Bordering Indonesia, Thailand, Brunei, and Singapore (via bridges) by land and Vietnam and the Philippines by sea, it is obvious how Malaysia is a strategic operating location. Malaysia continues to expand its import and export rules and regulations. But it is essential to know that complex goods-specific rules still exist, specifically how it relates to duties and taxes and how it can affect custom clearance in Malaysia.
Malaysia’s custom tariffs are typically imposed on a value-add basis, with a simple average applied tariff of 6.1% for industrial goods. Malaysia import duties and taxes for tariff lines with significant local production are often higher than those that are from other countries. As such there are different rates depending on which countries you’re importing from.
Before importing your goods, it is helpful to know the different countries that engage in free trade with Malaysia. Malaysia is a partner to seven bilateral free trade agreements (FTAs) and seven regional FTA, including the ASEAN Free Trade Area.
Malaysia’s seven signed bilateral FTAs include Australia, Chile, India, Japan, New Zealand, Pakistan, and Turkey. Malaysia is also a member of seven regional FTAs through the Asia Pacific These countries include Australia, China, India, Japan, and Korea.
These FTAs allow for lower or zero customs taxes for businesses in Malaysia that wish to import or export goods. It means that these companies gain a more competitive edge in the market, while it also assists with Malaysia’s economic sustainability.
Effective 1 January 2010, Malaysia with five other ASEAN Member States (Brunei Darussalam, Indonesia, the Philippines, Singapore, and Thailand) became a complete free trade area. However, goods imported from other countries will be subjected to the regular import duty rates, barring any ongoing FTAs.
Goods imported into Malaysia are subjected to Sales & Service Tax (SST) of 10%, and these goods can be anything from food items to electronics. However, some goods are taxed at the reduced rate of 5%, while others are completely exempt from sales tax. Some food items might be subjected to an extra Malaysian Custom Excise import duty, such as a 15% tax on specific types of beverages.
Here is a list of all goods that are exempted from Malaysia import tax:
Schedule A is for specific industries or persons, e.g., goods imported temporarily, ships spares, slight value relief for personal items, and duty-free items.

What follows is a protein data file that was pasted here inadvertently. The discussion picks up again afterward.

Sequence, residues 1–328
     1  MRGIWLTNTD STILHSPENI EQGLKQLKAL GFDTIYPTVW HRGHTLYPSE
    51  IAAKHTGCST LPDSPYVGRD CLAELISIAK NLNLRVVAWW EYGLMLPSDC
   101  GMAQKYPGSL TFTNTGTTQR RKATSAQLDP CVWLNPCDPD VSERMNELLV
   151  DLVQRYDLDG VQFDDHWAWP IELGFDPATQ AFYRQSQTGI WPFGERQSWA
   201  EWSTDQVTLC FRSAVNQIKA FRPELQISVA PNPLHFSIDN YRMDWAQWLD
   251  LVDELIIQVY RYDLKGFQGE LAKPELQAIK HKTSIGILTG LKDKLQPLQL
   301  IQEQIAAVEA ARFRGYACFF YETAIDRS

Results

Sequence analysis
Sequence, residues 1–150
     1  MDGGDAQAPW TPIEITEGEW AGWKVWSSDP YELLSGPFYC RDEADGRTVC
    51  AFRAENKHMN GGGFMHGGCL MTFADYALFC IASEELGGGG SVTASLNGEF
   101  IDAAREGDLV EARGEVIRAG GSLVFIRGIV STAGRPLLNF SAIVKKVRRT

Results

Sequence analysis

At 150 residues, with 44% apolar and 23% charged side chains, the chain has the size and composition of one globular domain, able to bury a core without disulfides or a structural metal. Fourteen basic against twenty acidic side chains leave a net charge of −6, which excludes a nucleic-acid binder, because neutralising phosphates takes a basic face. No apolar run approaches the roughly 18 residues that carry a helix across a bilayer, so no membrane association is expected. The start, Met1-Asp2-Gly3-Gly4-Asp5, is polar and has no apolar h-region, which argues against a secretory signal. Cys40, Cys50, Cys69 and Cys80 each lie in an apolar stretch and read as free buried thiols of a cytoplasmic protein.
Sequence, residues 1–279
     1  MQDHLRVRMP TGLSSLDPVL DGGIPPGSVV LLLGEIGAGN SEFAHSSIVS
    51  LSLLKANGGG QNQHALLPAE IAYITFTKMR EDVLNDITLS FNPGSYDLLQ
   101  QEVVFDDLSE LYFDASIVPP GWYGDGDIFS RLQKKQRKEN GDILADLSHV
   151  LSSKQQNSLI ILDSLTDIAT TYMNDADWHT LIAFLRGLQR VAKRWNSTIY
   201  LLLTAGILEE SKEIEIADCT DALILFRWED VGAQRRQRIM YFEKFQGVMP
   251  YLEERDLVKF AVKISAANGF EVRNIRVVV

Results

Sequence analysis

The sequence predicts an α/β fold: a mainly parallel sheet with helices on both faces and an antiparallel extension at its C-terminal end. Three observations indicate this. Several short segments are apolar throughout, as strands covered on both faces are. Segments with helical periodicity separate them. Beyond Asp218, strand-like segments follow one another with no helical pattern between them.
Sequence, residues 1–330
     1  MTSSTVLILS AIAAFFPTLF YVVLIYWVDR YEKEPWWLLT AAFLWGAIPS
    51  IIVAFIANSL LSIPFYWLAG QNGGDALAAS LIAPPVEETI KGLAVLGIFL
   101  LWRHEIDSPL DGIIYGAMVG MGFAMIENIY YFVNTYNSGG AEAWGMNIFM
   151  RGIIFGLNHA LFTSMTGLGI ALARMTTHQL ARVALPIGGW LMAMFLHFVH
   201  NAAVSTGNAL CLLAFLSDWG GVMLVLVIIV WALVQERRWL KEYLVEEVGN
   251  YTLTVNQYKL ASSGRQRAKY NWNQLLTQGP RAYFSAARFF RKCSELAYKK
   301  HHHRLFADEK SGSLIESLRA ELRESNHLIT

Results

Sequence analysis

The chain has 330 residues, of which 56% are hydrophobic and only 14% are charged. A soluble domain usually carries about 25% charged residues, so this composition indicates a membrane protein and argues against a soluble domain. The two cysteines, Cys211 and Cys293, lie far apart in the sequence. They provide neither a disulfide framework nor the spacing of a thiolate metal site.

Schedule B is given to manufacturers of specific goods such as price-controlled goods, pharmaceutical products, milk products, and exempt goods.
Schedule C is generally for registered manufacturers or agents to acquire goods free from sales tax because such goods will be used to manufacture taxable goods.
Other examples of goods that may be exempt from custom duty taxes or sales and services tariffs in Malaysia include food products like, sunflower and olive oil, as well as electronics such as laptops and mobile phones, and personal hygiene items. It is common practice for countries to reduce any additional import costs on goods that add value to the economy and meet the most basic demands of the country.
While it is important to calculate and pay import taxes correctly, it is also crucial for businesses to take note of the items or goods that are prohibited. You would not want to have spent a fortune on goods that cannot be imported into the country.
The following items or goods are prohibited by Malaysia’s customs:
Knives and daggers
Goods that look like syringes
Indecent or pornographic material of any description
Cloth with prints or duplicates of verses from the Quran
Radio receivers capable of reading the ranges (68-87) MHz and (108-174) MHz
Anything that is unsuited with peace or is prejudicial to Malaysia’s interests
Some forms of liquor
Importing a large number of goods can be a complicated process, but it doesn’t have to be, with the right shipping company. To make importing fuss-free, it is best to get a shipping company that will cover the taxes and duties incurred on your behalf. All you will have to do is to pay according to the duty invoice that the shipping company issues to you while your goods are being sent to their destination.